If the project will not require any consumptive uses of water, the developer must initiate the Water Right Adjudication Process (See Flowchart 19-CO-g). For more information, see:

Colorado Water Right Adjudication Process:
19-CO-g

A “consumptive use” is the amount of water that is lost to the stream system. A “non-consumptive use” is any use that does not reduce the quantity of water available to the stream system. Colorado Department of Natural Resources Guide to Colorado Well Permits, Water Rights, and Water Administration.


If the project will require any consumptive uses of water, the developer should continue with this flowchart.

Hydropower

The State Engineer may consider hydropower generation a consumptive water use, if the project requires the construction of a reservoir to hold water or a canal feeds the hydropower plant or pumped storage hydroelectric facility due to resulting evaporation or absorption. Colorado Small Hydropower Handbook, at p.10. The State Engineer may also consider a hydropower project a consumptive water use for most surface diversions through a canal or other means. Thereby, the developer of a pumped storage facility, for example, may gain temporary approval of a plan for augmentation or a change of water right through a Substitute Water Supply Plan (SWSP) issued by the State Engineer. For more information, see:

Substitute Water Supply Plan:
19-CO-f

19-CO-e.2 to 19-CO-e.3 — Is a New Well Needed?

After the developer calculates the project’s water need and locates the appropriate source of water supply the developer should determine whether the project requires a new well. If the proposed project requires a new well, the developer should initiate the Water Well Permit process (See Flowchart 19-CO-d). C.R.S. 37-90-137, Colorado Code of Regulations 2 C.C.R. 402-7, Non-tributary Ground Water Rules. For more information, see: Water Well Permit:
19-CO-d

19-CO-e.4 — Will the Water Use Require a Water Replacement Plan?

Oftentimes a new consumptive water right or change to a previously decreed consumptive water right requires a water user to replace the depletion (water consumed and not returned back to the stream or aquifer). Depending on the water source location, a developer may need to implement a water replacement plan. A replacement plan is defined as a ”source of water that a junior or un-decreed well user makes available to a senior appropriator to offset any injury caused to the senior by the junior’s or un-decreed well user’s out-of-priority depletions.” Simpson v. Bijou Irrigation Co., 69 P.3d 50 (Colo. 2003). Pending on the duration of use, a developer may implement a replacement plan through either a Plan for Augmentation or a Substitute Waters Supply Plan (SWSP). CRS37-92-308, Substitute Water Supply Plans; CRS 37-92-302, Applications of Water Rights or Changes of Such Rights- Plans for Augmentation. Replacement plans (Augmentation Plans) are often required:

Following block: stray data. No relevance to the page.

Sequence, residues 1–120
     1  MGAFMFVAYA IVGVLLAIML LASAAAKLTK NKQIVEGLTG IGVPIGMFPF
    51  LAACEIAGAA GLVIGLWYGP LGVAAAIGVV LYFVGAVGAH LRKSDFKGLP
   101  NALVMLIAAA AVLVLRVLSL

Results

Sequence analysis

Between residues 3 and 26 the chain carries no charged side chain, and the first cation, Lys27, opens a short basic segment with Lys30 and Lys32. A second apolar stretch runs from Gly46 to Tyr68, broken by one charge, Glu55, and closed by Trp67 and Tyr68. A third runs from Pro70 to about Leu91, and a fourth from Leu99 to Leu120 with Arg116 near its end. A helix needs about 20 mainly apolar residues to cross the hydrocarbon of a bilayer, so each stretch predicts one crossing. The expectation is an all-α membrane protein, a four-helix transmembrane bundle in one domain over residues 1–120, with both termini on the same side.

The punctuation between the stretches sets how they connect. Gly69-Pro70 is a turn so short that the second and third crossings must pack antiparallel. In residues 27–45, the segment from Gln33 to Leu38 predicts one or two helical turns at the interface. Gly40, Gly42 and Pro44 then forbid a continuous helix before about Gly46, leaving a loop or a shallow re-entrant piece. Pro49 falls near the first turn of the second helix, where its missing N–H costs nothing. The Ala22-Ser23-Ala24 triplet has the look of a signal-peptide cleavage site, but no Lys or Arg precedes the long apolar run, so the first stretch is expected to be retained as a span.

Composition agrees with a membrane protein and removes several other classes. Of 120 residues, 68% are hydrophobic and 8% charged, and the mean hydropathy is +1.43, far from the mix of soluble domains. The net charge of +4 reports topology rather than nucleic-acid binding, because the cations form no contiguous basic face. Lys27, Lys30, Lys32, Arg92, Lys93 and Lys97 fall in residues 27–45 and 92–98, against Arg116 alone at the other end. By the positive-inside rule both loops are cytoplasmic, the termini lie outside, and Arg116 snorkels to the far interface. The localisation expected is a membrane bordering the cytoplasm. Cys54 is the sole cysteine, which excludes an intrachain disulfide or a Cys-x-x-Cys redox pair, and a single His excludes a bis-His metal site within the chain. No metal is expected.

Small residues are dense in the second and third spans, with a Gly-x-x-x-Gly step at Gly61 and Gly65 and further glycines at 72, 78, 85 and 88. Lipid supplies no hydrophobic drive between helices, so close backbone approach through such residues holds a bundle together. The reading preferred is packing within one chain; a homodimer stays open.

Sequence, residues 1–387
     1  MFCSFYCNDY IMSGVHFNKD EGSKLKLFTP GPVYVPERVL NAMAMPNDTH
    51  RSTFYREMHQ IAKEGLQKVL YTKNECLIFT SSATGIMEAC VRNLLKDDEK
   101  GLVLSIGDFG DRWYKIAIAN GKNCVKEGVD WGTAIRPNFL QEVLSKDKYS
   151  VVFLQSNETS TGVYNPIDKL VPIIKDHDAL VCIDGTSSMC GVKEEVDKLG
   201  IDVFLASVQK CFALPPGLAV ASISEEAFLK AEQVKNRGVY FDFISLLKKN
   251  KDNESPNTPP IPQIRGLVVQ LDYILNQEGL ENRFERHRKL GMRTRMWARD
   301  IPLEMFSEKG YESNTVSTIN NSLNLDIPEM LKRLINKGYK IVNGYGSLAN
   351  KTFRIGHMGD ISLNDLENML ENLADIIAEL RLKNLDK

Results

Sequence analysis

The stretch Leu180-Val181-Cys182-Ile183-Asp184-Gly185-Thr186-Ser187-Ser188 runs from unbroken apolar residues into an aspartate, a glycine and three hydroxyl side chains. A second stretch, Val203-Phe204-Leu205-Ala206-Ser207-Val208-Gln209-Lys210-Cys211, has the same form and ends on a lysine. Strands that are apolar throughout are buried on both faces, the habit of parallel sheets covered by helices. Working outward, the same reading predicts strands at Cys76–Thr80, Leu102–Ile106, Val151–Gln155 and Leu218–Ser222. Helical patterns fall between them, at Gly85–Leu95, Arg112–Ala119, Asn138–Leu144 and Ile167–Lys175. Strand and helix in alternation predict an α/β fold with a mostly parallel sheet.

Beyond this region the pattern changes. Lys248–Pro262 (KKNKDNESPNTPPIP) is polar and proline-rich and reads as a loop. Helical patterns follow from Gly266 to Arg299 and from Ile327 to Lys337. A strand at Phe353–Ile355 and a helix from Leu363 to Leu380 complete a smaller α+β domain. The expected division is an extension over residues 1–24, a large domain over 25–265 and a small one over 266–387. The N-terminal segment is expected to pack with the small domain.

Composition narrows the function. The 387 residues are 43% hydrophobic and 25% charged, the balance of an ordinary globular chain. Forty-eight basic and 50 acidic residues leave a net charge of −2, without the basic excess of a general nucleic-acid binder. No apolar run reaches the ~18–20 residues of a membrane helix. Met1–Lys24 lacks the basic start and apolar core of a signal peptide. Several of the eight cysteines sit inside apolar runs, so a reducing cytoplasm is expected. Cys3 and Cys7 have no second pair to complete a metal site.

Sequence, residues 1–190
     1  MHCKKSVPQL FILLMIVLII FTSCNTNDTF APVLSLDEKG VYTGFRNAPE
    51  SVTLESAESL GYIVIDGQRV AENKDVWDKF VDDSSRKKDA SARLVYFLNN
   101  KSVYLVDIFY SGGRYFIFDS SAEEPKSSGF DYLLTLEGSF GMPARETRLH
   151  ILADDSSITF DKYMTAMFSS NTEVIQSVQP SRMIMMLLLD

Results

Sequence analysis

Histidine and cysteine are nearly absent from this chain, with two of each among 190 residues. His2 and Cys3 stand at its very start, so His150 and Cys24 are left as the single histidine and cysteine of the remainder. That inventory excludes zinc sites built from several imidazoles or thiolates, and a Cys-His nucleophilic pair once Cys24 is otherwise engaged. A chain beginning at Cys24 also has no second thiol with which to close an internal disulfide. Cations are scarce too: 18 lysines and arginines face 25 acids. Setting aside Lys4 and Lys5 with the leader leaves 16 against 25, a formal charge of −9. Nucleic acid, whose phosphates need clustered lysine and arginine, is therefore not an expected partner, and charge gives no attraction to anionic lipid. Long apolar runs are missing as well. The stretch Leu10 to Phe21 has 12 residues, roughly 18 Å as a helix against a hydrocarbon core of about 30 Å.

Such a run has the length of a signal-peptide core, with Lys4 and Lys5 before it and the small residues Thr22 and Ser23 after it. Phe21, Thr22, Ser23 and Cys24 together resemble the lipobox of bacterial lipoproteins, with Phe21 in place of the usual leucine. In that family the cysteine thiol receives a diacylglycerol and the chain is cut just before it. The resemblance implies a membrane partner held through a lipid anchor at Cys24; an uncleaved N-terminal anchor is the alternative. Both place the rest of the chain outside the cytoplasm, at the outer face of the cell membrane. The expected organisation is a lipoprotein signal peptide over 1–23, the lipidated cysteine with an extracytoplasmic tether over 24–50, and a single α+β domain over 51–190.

• For diversion of water at times when there is no unappropriated water available; and
  • In all watersheds that are over-appropriated during at least part of the year.

Citizen’s Guide to Colorado Water Law, at p. 18.

If the developer must replace the water use depletion, the developer should continue to 19-CO-e.5. If the developer does not need a replacement plan, the developer should go to 19-CO-e.16.

19-CO-e.5 — Locate Source of Replacement Water for Purchase or Lease to Replace Calculated Out-of Priority Depletions

The developer with the assistance of a water consultant/engineer must locate a source of replacement water for purchase, lease, or transfer to replace any out-of-priority depletion and not injure any vested water rights. See, Synopsis of Colorado Water Law, at p.20-22; Guide to Colorado Well Permits, Water Rights, and Water Administration, at p.12-13; The City of Colorado Springs v. Yust, 126 Colo., 289 (1951). The replacement water must meet the needs of senior water rights holder at the time, place, quantity and suitable quality they would enjoy absent the out-of-priority diversions. CRS 37-92-308(5)(a)(IV); Citizen’s Guide to Colorado Water Law, at p.16; Colorado Attachment to Policy 2003-2, General Guidelines for Substitute Water Supply Plans Submitted to the State Engineer. Replacement water may come from any legally available source provided by a variety of means. Citizen’s Guide to Colorado Water Law, at p.16